• Olivine

  • Hornblende (amphibole)

  • Augite (pyroxene)

  • Biotite

  • Muscovite

  • Quartz (clear, looks dark)

  • K-spar

  • Plagioclase

    (These are all composed of the 8+2 common elements) Other minerals are often present, and can give valuable clues to the origin of a rock, and can be valuable in and of themselves.

    Igneous rock classification uses abundance of Qtz, KSpar, Plag (and Na vs Ca content), and, if those are rare, olivine and types of pyroxene.


Minerals1

Minerals

Certain minerals are common in igneous rocks. These include

  • Olivine

  • Hornblende (amphibole)

  • Augite (pyroxene)

  • Biotite

  • Muscovite

  • Quartz

  • K-spar

  • Plagioclase

    (These are all composed of the 8+2 common elements) Other minerals are often present, and can give valuable clues to the origin of a rock, and can be valuable in and of themselves.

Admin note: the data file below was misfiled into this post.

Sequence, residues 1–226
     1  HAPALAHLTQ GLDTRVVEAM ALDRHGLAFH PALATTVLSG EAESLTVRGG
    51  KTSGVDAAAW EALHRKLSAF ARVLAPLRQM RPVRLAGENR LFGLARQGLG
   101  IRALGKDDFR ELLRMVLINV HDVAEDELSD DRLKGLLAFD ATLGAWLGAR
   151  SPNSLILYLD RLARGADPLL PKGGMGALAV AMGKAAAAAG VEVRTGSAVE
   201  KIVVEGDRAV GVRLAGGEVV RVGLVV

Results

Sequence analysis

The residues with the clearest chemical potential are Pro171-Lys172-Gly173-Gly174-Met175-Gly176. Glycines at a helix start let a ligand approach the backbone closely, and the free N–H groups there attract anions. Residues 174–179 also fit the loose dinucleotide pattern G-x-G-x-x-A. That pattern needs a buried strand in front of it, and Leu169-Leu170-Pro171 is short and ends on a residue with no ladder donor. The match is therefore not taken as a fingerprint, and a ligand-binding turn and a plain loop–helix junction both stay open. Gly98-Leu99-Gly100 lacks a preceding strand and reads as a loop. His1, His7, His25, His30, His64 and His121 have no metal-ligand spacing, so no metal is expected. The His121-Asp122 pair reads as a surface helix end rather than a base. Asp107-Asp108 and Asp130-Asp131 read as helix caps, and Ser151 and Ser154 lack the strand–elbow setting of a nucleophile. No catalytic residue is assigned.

Igneous rock classification uses abundance of Qtz, KSpar, Plag (and Na vs Ca content), and, if those are rare, olivine and types of pyroxene.


Minerals2

Minerals

  • Mafics=Ferromagnesian contain Fe and Mg and are black and green.

    • Olivine

    • Pyroxene

    • Hornblende

    • Biotite

  • Felsics= Sialiccontain Silica and Alumina and are generally white/light colored

    • Quartz

    • Muscovite

    • Feldspars

      • Plagioclase (CaAl, NaSi) AlSi2O8is a solid solution between two endmembers anorthite CaAl2Si2O8 and albite NaAlSi3O8

      • Potassium feldspar K-spar KAlSi3O8 includes three polymorphs (orthoclase, sanidine, microcline) and can incorporate sodium into its crystal structure at high temperatures

        • Alkali Feldspar (K,Na)AlSi3O8 is a solid solution between KSpar and Albite and is common in felsic rocks.


Bowen s reaction series

Bowen’s Reaction Series

This started as a theory of how to generate granite from an originally basaltic melt. (That rarely happens) It is most useful in understanding partial melting and differentiation.